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ECD is estimated to affect 600 to 700 patients worldwide. Approximately 54 percent of patients with ECD have the BRAF V600E mutations. The efficacy of Vemurafenib (Zelboraf) for the treatment of ECD was studied in 22 patients with BRAF-V600E-mutation positive ECD. The trial measured the percent of patients who experienced a complete or partial reduction in tumor size (overall response rate). In the trial, 11 patients (50 percent) experienced a partial response and 1 patient (4.5 percent) experienced a complete response.
Somewhat astonishing and troubling, at least for this author being concerned with individualized human drug safety issues, is the catalogue of the side effects of Vemurafenib (Zelboraf), some common and some most serious if not life-treathening, which have occurred in the very small number of 22 patients already. Thus, common side effects of in these patients included joint pain (arthralgia); small, raised bumps (maculo-papular rash); hair loss (alopecia); fatigue; change in the heart’s electrical activity (prolonged QT interval) and skin growths (papilloma). Severe side effects included the development of new cancers (skin cancer, squamous cell carcinoma or other cancers), growth of tumors in patients with BRAF wild-type melanoma, hypersensitivity reactions (anaphylaxis and DRESS syndrome), severe skin reactions (Stevens-Johnson Syndrome (SJS) and toxic epidermal necrolysis (TEN), heart abnormalities (QT prolongation), liver damage (hepatotoxicity), photosensitivity, severe reactions in the eye (uveitis), immune reactions after receiving radiation treatment (radiation sensitization and radiation recall), kidney failure and thickening of tissue in the hands and feet (Dupuytren’s contracture and plantar fascial fibromatosis). Vemurafenib (Zelboraf) can cause harm to a developing fetus; women should be advised of the potential risk to the fetus and to use effective contraception.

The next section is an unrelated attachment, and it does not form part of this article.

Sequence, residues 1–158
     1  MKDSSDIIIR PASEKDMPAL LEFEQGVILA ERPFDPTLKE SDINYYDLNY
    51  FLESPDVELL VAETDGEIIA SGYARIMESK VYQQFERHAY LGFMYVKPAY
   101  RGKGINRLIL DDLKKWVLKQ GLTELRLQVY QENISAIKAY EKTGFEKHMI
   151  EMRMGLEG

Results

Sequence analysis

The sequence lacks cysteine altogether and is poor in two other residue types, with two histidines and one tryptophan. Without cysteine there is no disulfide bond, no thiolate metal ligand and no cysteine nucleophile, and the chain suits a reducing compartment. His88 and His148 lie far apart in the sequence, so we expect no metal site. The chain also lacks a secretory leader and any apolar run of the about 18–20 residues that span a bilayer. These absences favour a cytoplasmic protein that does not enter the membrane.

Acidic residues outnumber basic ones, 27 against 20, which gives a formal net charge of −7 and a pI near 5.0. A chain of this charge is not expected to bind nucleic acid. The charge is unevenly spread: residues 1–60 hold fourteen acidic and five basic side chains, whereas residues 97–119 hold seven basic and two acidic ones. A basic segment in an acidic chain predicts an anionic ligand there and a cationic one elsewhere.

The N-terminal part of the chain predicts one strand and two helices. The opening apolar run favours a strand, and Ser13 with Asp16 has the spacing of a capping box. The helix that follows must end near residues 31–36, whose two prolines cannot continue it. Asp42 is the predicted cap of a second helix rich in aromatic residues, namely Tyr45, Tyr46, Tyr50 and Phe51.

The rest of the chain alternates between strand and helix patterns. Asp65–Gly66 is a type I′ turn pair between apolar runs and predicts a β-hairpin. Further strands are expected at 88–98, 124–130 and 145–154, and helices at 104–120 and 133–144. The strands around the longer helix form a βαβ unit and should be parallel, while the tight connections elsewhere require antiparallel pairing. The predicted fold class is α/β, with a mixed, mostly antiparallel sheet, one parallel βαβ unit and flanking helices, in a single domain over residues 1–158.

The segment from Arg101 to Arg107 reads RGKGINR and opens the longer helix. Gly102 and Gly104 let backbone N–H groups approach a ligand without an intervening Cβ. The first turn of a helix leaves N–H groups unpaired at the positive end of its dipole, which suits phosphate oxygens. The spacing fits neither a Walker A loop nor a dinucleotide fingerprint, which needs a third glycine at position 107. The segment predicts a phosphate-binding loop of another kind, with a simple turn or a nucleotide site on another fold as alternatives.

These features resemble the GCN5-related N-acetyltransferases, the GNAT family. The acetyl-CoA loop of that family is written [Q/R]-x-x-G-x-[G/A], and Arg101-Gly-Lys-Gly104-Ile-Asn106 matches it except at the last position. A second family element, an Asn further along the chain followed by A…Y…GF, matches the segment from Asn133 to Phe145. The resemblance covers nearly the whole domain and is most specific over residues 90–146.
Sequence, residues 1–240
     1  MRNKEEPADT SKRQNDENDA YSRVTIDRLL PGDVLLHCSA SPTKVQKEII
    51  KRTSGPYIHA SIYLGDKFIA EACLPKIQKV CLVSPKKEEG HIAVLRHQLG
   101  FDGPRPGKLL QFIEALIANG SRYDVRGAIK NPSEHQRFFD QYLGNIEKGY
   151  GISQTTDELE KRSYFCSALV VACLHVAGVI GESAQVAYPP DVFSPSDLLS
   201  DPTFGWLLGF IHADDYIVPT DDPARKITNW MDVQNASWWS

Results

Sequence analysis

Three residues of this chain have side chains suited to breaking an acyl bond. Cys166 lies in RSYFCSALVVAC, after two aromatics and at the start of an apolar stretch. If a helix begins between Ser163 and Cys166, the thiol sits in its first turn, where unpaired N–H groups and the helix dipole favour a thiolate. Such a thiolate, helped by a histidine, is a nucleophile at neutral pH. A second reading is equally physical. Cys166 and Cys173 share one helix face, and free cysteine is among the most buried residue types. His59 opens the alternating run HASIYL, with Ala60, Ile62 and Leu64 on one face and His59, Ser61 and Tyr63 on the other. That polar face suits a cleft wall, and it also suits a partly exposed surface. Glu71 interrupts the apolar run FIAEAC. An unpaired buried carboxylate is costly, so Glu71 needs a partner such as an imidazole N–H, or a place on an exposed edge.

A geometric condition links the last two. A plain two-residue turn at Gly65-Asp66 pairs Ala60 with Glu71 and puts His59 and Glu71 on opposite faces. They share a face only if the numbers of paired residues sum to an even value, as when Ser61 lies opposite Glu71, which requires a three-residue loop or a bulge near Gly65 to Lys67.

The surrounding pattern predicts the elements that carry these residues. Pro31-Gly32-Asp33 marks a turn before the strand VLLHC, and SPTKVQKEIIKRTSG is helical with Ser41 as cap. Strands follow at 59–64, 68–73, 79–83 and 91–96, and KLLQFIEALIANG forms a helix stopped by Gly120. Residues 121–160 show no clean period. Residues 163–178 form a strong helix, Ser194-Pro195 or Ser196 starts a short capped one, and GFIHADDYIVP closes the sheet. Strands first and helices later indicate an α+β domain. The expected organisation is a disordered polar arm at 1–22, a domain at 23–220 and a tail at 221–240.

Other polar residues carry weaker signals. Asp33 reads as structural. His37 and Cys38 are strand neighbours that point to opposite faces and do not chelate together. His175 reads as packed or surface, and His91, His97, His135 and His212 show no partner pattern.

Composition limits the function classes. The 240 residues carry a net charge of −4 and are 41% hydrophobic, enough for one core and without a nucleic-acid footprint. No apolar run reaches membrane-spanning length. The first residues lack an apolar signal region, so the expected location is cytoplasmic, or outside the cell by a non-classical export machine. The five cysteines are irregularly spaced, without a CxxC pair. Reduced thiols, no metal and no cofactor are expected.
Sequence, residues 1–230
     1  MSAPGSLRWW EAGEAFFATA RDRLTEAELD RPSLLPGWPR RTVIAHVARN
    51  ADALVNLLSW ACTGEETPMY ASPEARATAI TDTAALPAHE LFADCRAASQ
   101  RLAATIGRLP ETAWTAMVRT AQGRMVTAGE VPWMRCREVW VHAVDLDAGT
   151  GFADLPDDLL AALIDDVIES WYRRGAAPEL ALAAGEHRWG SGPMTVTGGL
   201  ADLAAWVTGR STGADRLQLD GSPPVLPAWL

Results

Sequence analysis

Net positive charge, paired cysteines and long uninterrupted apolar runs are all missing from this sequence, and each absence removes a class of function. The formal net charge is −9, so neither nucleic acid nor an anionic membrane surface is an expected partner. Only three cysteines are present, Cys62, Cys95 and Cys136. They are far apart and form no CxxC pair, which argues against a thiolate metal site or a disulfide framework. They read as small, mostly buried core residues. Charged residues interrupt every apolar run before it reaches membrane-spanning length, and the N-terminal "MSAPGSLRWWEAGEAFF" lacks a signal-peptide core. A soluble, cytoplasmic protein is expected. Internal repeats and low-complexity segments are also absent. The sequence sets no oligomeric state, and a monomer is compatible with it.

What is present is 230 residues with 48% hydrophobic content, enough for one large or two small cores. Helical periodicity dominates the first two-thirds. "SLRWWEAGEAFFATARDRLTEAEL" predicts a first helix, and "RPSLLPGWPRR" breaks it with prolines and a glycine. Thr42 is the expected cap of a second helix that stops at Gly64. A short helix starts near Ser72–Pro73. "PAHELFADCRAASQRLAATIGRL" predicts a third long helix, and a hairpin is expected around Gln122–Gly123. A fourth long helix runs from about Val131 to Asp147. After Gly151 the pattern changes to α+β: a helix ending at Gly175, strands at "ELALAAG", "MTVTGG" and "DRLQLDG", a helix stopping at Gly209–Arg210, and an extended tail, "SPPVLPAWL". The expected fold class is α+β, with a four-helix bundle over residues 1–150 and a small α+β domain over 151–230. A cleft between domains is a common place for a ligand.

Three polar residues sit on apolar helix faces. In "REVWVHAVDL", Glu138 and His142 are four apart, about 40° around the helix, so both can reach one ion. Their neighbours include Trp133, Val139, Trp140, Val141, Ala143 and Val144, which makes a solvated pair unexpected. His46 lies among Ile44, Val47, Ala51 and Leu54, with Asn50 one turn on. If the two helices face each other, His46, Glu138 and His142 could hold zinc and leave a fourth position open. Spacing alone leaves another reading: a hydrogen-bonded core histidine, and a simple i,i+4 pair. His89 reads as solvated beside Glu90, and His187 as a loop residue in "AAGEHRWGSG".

While the arrival of a therapy option for patients with ECD is certainly welcome, great prudence in its application seems to be necessary, both for the therapy providers and the recipients (patients) alike.